“A” selections in the Glossary of Terms for
Anatomy, Physiology & Pathology of the Human Eye

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A, vitamin
see vitamin A

the automatic adjustment of the eye for seeing at different distances, effected chiefly by changes in the convexity of the crystalline lens

achromatopia; a very rare color deficiency in which the colors of the spectrum are seen only as shades of white, gray, and black; can be either incomplete color blindness (blue-cone monochromatism, an X-linked recessive disorder where only the blue cones and the rods are funtioning properly; characterized by reduced visual acuity and sometimes also photophobia and nystagmus) or complete color blindness (rod monochromatism or total color blindness, an autosomal recessive disorder where no cones are functioning and only rods are functioning properly; characterized by reduced visual acuity, photophobia, and nystagmus)

acquired immune deficiency syndrome (AIDS)
also known as acquired immunodeficiency syndrome; a disease of the human immune system that is caused by infection with HIV, that is characterized cytologically especially by reduction in the numbers of CD4-bearing helper T cells to 20 percent or less of normal, that in modern industrialized nations occurs especially in homosexual and bisexual men and in intravenous users of illicit drugs, that is commonly transmitted in blood and bodily secretions (as semen), and that renders the subject highly vulnerable to life-threatening conditions (as Pneumocystis carinii pneumonia) and to some that become life-threatening (as Kaposi's sarcoma)

acuity, visual
see visual acuity

Adie’s tonic pupil
an abnormally dilated pupil that reacts poorly to light and somewhat sluggishly to accommodation, but will constrict with a dilute solution of pilocarpine; associated with Adie’s syndrome, a neurologic syndrome (due to an inflammatory process, such as from a virus, in the third nerve cilliary ganglion) that affects especially women between 20 and 40 and also is characterized by a lack of ankle-jerk and knee-jerk reflexes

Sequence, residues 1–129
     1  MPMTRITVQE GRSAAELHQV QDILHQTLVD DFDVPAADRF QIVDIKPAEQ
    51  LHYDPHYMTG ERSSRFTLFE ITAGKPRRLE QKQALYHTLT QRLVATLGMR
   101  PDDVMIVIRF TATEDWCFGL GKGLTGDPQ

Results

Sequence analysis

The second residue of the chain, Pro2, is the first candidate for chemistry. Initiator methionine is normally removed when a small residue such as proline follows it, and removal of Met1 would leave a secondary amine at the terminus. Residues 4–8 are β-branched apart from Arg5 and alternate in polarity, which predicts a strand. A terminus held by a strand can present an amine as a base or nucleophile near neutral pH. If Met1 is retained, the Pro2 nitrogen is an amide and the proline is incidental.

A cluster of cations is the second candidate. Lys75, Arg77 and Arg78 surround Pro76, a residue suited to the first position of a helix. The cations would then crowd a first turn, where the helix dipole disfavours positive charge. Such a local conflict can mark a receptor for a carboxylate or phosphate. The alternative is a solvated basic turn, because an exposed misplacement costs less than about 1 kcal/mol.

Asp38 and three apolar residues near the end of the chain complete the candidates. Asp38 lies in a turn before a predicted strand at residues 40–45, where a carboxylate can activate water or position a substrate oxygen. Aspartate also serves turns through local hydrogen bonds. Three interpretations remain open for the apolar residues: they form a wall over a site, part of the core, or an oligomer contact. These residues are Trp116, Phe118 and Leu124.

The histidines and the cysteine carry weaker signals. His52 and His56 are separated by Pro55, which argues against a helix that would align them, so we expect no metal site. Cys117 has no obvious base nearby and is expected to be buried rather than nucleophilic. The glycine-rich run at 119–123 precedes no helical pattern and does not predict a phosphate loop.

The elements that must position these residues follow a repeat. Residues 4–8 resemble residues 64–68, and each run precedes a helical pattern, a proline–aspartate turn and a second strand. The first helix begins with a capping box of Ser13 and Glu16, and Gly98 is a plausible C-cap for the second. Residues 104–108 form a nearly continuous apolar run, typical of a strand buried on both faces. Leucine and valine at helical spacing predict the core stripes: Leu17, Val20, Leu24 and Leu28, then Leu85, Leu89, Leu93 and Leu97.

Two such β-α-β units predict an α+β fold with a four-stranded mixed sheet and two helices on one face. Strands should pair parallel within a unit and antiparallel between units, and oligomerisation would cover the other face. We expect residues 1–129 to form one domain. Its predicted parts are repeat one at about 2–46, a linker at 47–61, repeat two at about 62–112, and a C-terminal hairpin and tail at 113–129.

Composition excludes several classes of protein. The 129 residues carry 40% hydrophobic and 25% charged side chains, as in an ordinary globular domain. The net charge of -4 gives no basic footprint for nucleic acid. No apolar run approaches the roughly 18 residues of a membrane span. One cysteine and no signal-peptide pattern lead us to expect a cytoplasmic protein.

age-related macular degeneration (ARMD)
a loss of central vision in both eyes produced by pathological changes in the macula lutea and characterized by spots of pigmentation, leakage of fluid, or other abnormalities

“lazy eye”; inability of an eye to achieve its best expected visual acuity with no observable pathology or reason for the decrease in acuity; most often due to eccentric fixation in an eye with strabismus

a refractive error (such as myopia, hyperopia, or astigmatism) in which images fail to focus upon the retina, requiring spectacle lenses or contact lenses to refocus the incoming light onto the retina

Amsler grid
a grid of 400 small squares (white separated by black lines or black separated by white lines), with a fixation dot in the middle, used to detect macular degeneration in an eye by the presence of “metamorphopsia”—curved, distorted, or broken lines—in the grid

anemia, pernicious
see pernicious anemia

angle, irido-corneal
see irido-corneal angle

congenital or traumatically induced absence or defect of the iris

a difference in size between the images projected on the retinas of both eyes, due to anisometropia or lens corrections of unequal powers; can cause binocular vision difficulties, since the brain attempts to combine two images of different sizes into one image

inequality in the size of the pupils of the eyes, often from injury or disease

a difference in refractive error between the two eyes

ankylosing spondylitis
Marie-Strumpell disease or rheumatoid spondylitis; rheumatoid arthritis of the spine

annulus of Zinn
a cone-shaped structure, behind the eyeball, composed of five extraocular muscles (medial rectus, lateral rectus, superior rectus, inferior rectus, and superior oblique), within which runs the optic nerve (cranial nerve II), the ophthalmic artery, and the ophthalmic vein

anomalous dichromatism
a color deficiency in which one type of cone receptor is missing or does not work at all and only two of three primary colors (red, green, and blue) can be discerned well